But Jonathan Edwards, George Whitefield, Charles Hodge and Ben Franklin did.
Philip Jenkins helps us cope:
we need to recall that prior to quite modern times – the mid-eighteenth century, say, mainly after 1770 – campaigns against slavery as an institution are sporadic, scarce, and deeply ambiguous. In the Roman world, for instance, anyone who could afford to own slaves did so without qualms. That included the holders of vast landed estates, but also quite small time people whom we might think of as lower middle class. The overwhelming majority of people who left writings that survive into later times were of the class that owned slaves, even if we can’t point to individuals and definitely assert that they did so. Among other people, that statement includes most of the prominent Christians that we know before (say) the sixth century, and most of the Fathers. If we can’t clearly show that a particular individual in that era did not own slaves, then we should assume that they did. . . .
If that statement sounds controversial, let me elaborate. Delving into Patristic literature produces quite a few sentiments that appear hostile to slave holding or the slave trade. But before reading these through the lens of Victorian-era abolitionism, we need to consider other possible interpretations. Generally, such ancient comments demand a humane and decent approach to slavery, rather than its abolition, or the construction of a slave-free society.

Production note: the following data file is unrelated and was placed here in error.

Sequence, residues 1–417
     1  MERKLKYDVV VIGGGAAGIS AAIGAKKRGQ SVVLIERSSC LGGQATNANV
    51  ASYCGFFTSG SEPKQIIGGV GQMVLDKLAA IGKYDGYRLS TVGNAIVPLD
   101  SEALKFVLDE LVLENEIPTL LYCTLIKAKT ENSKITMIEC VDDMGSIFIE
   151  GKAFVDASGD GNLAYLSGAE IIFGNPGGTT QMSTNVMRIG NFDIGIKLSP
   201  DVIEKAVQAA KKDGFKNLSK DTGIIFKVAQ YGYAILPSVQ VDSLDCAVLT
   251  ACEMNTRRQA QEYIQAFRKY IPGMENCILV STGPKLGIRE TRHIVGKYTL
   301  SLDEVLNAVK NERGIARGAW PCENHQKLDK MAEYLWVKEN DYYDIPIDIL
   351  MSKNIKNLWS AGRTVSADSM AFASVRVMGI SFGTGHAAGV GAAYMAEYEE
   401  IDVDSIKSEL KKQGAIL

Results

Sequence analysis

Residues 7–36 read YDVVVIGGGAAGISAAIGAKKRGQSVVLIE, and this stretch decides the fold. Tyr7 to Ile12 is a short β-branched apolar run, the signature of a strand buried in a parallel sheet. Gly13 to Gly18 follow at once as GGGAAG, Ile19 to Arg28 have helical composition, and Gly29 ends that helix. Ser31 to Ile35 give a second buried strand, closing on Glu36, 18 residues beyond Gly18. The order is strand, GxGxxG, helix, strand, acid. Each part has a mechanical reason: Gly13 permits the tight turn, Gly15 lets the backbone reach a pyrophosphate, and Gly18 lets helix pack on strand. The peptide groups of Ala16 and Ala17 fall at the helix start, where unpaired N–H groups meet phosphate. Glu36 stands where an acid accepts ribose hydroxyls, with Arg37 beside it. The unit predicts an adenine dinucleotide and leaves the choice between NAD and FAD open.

Early Christians advocated plenty of things that would, if implemented, have vastly improved the conditions of slaves. Very, very, few advocated the ending of slavery, or even conceived of such a world, except in an apocalyptic or messianic context. Nor do we have much idea of how widely, if at all, such specific recommendations were out into effect.
Now, we can point out here that slavery in the ancient Mediterranean world was a very different animal from what existed in the Early Modern Atlantic, and that boundaries between slave and free were much more permeable. Ancient slaves were likely to gain freedom in various ways, and had a great deal of latitude to operate on a fairly independent level. But slaves they were. Should we avoid commemorating or celebrating any ancient thinkers or writers who lived in slave societies, and who presumably participated in that slavery system? Which as I say, was basically all advanced societies in that era.
The same comment about the pervasive impact of slavery would also apply to (for instance) all Islamic societies up to very modern times, and many advanced African communities. The Prophet Muhammad often praised the virtue of liberating slaves, which he cited as an act that gave special pleasure to Allah. We should not read that as a warrant for abolitionism. If we are ever attempted to sidestep Euro-American heroes and heroines and replace them with figures from other civilizations, we would be hard put to avoid slave owners, or people who never thought to confront the slavery they saw all around them.
Either the outrage over the past just started or the outraged need to get out of the history business.